YunG TU SAFTE aFTuR oDUBoN HaD soT aT xeM. oDUBoN KLAMD TU FEL KuMPasuN FOR
xeM, BuT HiZ XuRST FOR BLuD WuZ SO GRAT xaT HE KiLD BOX xu MuxuR aND HuR
Some might argue that Audubon killed for a legitimate reason: to collect
specimens for his paintings. However, Audubon complained that many birds
change color after death, making them poor subjects for painting. It is more
likely that Audubon killed for pleasure and a perverse feeling of power. He
repeatedly bragged about the number of birds he was able to shoot in a day.
Sometimes his orgies of carnage would claim dozens of lives in a single
morning. In one instance, a mother bird tried to carry her young to safety
after Audubon had shot at them. Audubon claimed to feel compassion for them,
but his thirst for blood was so great that he killed both the mother and her
WeN oDUBoNZ ViKTiMZ WuR uNFORCUNuT ENuF TU SuRVIV, HE WwD TORMeNT xeM WiX
DIuBoLiKuL eKSPeRiMeNTS aND MeTiKYULuSLE REKORD xu DETALZ uV xeR SuFuRing.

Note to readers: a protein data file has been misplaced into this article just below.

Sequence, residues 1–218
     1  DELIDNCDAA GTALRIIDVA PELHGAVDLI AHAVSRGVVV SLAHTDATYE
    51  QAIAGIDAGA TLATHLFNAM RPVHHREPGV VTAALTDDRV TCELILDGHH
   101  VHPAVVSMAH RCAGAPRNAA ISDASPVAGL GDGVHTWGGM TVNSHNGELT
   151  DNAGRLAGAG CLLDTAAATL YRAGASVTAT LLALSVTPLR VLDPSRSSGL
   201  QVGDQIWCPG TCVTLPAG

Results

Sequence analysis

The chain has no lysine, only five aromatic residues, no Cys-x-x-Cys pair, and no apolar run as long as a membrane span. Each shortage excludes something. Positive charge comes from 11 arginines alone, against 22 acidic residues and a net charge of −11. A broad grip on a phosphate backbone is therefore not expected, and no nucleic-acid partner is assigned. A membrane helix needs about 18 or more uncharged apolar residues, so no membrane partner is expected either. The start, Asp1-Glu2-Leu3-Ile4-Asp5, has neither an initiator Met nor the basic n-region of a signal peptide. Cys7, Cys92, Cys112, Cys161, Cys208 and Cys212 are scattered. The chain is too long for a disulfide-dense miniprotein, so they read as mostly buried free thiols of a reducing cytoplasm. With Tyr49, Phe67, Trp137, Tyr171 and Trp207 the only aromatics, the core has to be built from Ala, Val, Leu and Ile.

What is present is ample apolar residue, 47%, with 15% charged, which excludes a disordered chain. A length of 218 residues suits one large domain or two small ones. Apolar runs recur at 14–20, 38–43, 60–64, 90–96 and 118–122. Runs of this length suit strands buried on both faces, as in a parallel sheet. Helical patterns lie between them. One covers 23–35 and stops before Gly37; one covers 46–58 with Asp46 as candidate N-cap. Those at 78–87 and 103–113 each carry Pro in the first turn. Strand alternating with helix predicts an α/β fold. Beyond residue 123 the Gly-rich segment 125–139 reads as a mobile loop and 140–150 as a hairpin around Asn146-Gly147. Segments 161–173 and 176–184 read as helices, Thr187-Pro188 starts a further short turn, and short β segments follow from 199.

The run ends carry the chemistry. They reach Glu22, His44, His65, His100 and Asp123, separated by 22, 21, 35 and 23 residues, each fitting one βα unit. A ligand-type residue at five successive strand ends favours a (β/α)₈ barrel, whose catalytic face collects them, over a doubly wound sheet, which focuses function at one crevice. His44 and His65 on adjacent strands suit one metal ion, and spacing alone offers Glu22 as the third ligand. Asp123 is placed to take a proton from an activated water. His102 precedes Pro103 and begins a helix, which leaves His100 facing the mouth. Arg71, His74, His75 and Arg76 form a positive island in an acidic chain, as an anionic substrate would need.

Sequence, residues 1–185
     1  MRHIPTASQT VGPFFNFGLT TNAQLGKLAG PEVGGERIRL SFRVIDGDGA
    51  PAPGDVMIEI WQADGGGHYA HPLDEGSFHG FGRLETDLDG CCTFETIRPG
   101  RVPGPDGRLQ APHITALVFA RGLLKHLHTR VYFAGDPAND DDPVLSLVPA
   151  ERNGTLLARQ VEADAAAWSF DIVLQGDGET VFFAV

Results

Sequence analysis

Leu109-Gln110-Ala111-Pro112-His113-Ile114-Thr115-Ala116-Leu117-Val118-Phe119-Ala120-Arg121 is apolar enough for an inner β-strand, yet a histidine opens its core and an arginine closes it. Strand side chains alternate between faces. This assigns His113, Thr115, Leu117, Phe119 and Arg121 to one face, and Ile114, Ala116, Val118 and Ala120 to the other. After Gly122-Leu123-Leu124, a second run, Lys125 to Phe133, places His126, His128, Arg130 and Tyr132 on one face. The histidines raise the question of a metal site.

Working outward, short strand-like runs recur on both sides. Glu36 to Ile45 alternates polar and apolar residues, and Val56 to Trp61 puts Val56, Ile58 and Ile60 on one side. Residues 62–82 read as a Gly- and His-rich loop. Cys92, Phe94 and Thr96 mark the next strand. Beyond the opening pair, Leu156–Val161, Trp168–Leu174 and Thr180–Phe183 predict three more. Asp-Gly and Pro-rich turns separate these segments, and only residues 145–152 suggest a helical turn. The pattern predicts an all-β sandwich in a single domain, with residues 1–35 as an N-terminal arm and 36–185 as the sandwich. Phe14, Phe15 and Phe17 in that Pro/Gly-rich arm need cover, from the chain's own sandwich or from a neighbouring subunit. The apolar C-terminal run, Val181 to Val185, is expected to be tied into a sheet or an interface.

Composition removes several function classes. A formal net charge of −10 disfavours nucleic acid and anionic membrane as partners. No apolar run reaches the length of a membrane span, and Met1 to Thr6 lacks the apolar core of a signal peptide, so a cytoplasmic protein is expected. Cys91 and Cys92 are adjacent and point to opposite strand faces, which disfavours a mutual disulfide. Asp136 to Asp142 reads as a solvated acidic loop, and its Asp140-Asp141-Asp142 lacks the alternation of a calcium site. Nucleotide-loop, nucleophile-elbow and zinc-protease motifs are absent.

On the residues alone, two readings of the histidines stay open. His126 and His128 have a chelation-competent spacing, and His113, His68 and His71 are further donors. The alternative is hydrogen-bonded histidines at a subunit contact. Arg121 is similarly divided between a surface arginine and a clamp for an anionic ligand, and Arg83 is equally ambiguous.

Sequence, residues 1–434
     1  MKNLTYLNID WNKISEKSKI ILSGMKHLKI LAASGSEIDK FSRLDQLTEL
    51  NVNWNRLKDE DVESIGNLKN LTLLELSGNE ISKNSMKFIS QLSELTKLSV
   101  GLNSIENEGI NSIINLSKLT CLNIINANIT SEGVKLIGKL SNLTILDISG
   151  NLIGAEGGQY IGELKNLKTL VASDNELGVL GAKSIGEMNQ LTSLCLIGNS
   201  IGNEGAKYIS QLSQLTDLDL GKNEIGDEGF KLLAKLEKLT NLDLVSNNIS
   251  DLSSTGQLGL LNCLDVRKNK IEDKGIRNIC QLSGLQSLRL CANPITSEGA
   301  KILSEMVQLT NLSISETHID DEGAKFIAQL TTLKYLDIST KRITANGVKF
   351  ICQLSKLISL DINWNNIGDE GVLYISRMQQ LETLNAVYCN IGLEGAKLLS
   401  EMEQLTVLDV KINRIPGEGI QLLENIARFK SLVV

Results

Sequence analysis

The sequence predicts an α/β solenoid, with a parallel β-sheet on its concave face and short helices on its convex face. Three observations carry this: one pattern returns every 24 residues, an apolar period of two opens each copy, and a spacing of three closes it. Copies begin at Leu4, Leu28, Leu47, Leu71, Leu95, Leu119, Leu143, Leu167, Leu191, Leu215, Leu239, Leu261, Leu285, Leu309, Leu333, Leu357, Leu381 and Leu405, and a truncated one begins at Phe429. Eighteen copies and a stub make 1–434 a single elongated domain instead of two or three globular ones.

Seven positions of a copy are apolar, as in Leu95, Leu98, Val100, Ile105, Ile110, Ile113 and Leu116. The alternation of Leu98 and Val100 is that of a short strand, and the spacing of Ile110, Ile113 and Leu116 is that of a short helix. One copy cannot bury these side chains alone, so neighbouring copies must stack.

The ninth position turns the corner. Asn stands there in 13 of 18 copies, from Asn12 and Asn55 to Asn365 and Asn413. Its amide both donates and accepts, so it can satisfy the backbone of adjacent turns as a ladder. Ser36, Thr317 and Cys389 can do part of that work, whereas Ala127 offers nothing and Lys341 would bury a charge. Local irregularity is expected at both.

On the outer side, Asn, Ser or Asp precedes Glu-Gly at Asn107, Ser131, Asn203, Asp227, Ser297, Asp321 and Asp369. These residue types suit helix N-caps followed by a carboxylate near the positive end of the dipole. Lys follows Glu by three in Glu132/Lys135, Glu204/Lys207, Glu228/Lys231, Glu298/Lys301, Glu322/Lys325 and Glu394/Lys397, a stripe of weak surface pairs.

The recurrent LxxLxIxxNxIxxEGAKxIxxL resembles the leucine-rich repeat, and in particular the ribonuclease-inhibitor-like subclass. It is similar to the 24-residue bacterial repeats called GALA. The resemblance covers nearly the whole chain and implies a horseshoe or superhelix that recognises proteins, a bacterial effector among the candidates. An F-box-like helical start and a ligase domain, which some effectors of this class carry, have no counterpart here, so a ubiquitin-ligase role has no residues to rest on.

WUNDeD BuRDZ WuR RUTENLE PRoDeD WiX STiKS TU SE HQ xA WwD REaKT. BuRDZ HU
TRID TU eSKAP xiS TORCuR WuR LABuLD aZ "KQuRDLE" iN HiZ NOTS. KaPCuRD BuRDZ
WuR oFeN SToRVD TU SE HQ Long xA KwD LiV WiXQT FUD. SuMTIMZ BuRDZ uV DiFuReNT
SPESEZ WwD BE KuNFIND TUGexuR iN u SMoL KAJ uNTiL xA BEGaN TU KiL WuN uNuxuR.
oDUBoN TwK SuC DELIT iN xEZ uBYUSeZ xaT HE iZ PRoBuBLE BeST DESKRIBD aZ xu
JOSeF MenGeLu uV ORNiXoLOJE.
When Audubon's victims were unfortunate enough to survive, he would torment
them with diabolical experiments and meticulously record the details of their
suffering. Wounded birds were routinely prodded with sticks to see how they
would react. Birds who tried to escape this torture were labeled as
"cowardly" in his notes. Captured birds were often starved to see how long
they could live without food. Sometimes birds of different species would be
confined together in a small cage until they began to kill one another.
Audubon took such delight in these abuses that he is probably best described
as the Josef Mengele of ornithology.
PuRHaPS xu MOST QTRAJuS KASeZ uV uBYUS iNVoLV xu REVERD eMBLeM uV xu YUNITeD